My daughter looked glum as she pushed her roast chicken dinner around her plate.
"What's wrong, sweetie?" I asked.
It was the third time that week Cherish-Rose, 11, had left her dinner untouched.
"I'm not hungry," she mumbled, refusing to meet my eye. I sighed.
Where was my happy girl with the healthy appetite?
Lately, she'd lost a fair bit of weight around her face and limbs, but had developed a little pot belly.
She'd been acting really strangely, too.
Normally, she was a super energetic kid, singing and dancing to Lady Gaga around the living room.
But now, when she got home from school, she'd go straight to her room and flop onto her bed.
Her once-bright, bubbly mood had changed completely.
She was lethargic and still had no interest in food.
After researching online, I feared she'd developed some sort of eating disorder, like anorexia.
Surely she's too young, I thought, hoping desperately I was right.
In a panic, I booked her in to see a psychologist, but there was a lengthy waiting period.
What was I going to do? If this was something serious, I couldn't afford to hold off.
One day, I sat her down on the lounge and gently broached the subject.
"I've noticed you're not eating, honey," I said. "Please tell me what's going on, so I can help you."
She told me she'd a broken tooth which hurt whenever she tried to chew.
So I took her to the dentist and sure enough, there was a new tooth coming through. I breathed a sigh of relief.
He said it was nothing to worry about and would feel better soon. But days later, Cherish-Rose still refused to eat.
One night, she complained of feeling nauseous so I let her climb into bed with me.
A few hours later, I woke to her sobbing.
"My belly! My back!" she shrieked.
I pulled up her shirt to see her tummy was hugely swollen. It had to be more than just a bit of bloating. Whatever was happening was serious; I just knew it.
Next morning, I took her straight to the doctor for tests.
"We've found a 10kg growth in Cherish-Rose's stomach," he said. "She needs to go straight to emergency."
Ten kilos? No wonder she looked pregnant!
My mind whirled with terrifying possibilities as I drove her to the hospital.
Cherish-Rose went straight in for a CT scan.
Then two doctors led me into a private room.
"The growth in Cherish-Rose's stomach is a tumour," one said. "It's a symptom of a cancer on her ovaries."
As I tried to take in his words, I felt like I was floating above my body.
It couldn't be true. Surely 11-year-old girls didn't get ovarian cancer. She was far too young!
A wave of nausea hit me and I doubled over as my body heaved with sobs.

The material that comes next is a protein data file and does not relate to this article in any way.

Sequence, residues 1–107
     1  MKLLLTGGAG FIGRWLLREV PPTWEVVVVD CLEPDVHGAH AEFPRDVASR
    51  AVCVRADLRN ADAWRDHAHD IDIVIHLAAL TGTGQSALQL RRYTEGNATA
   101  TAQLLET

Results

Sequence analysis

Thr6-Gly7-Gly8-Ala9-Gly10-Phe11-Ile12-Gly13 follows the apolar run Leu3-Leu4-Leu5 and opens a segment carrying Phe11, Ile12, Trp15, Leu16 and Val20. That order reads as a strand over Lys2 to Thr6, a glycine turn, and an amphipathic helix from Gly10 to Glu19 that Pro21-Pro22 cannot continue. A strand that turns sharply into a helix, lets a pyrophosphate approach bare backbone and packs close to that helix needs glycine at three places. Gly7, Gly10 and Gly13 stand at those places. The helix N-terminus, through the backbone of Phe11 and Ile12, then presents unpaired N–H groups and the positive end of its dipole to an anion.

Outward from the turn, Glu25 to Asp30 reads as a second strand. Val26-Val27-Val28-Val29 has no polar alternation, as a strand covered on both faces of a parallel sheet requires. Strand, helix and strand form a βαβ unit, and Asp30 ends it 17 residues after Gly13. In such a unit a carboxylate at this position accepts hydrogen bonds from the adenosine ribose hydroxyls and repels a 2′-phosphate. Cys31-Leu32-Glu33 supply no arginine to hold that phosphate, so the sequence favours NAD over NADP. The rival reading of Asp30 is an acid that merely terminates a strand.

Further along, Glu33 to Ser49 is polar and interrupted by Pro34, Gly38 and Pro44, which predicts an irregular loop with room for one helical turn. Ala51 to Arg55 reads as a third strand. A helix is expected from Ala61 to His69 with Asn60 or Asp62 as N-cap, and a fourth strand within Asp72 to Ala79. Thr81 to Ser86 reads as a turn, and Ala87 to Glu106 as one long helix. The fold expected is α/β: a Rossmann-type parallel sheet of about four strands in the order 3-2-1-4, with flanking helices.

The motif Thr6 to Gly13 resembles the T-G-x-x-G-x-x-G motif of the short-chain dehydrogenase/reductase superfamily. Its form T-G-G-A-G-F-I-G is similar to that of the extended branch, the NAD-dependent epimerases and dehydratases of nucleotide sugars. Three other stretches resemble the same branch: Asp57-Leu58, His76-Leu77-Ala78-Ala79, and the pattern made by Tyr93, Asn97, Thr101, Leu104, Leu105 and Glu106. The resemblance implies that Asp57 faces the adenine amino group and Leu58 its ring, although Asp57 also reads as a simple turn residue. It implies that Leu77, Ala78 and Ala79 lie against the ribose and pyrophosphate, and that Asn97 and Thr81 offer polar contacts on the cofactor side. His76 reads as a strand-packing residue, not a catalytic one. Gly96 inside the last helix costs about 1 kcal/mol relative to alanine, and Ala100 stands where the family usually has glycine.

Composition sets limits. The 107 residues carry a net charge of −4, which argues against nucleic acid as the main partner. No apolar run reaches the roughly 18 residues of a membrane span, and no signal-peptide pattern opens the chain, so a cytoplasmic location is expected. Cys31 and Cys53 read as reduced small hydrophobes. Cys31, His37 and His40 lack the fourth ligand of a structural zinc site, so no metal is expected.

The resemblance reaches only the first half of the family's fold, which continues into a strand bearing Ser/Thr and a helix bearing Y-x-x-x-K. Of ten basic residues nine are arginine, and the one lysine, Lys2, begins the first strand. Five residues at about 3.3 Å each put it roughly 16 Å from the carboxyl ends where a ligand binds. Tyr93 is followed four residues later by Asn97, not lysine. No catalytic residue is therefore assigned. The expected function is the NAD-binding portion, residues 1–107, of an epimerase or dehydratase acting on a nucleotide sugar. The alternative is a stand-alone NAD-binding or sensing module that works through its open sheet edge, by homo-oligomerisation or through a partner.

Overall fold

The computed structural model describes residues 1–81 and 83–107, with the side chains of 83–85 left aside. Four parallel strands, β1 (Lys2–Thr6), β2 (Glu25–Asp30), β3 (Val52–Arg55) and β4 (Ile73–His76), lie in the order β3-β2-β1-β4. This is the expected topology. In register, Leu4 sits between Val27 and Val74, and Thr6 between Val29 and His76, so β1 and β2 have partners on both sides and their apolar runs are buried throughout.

Cherish-Rose would need to be flown to Brisbane immediately to start treatment.
They'd try to shrink the tumour with chemo before it could be removed.
I couldn't believe what I was hearing, but I had to pull myself together.
In Brisbane, Cherish-Rose was hooked up to a chemotherapy machine.
As I saw her distraught little face, it took every ounce of my strength not to pull all the tubes off her.
The oncologist explained that her condition was a germ cell cancer.
"It's one of the most treatable forms, especially when it's found early," he said. "We're going to save your little girl."
I felt as though someone had opened a window and the light was flooding back into my body.
Cherish-Rose still has a difficult road ahead of her.
She'll have to go through at least six months of chemo, as well as surgery to remove the tumour and one of her ovaries.
Thankfully, there's a good chance she'll still be able to have children when she's older.
For now, she's just 39kg and still has the protruding belly, but I'm starting to see glimpses of the old Cherish-Rose again.
"I want to get a bright, pink wig!" she said, when I told her she'd lose her long, thick hair during chemo.
She has the selflessness and bravery of a warrior, too. She wants to save her pocket money to buy the other kids on her ward sock puppets.
The last few months have been such an emotional roller-coaster for our family but our local community have been fantastic by donating to our Gofundme page, which a family member set up to help us pay for the hospital bills.
Cherish-Rose's room is full of get-well cards from strangers – she even got a note and flowers from one her idols, Bindi Irwin!
'I hope you feel better soon,' Bindi wrote. 'Stay strong.'
Her big life dream is to become a singer, dancer and actor, and I can't wait to see my beautiful angel go from the hospital bed to the big stage some day.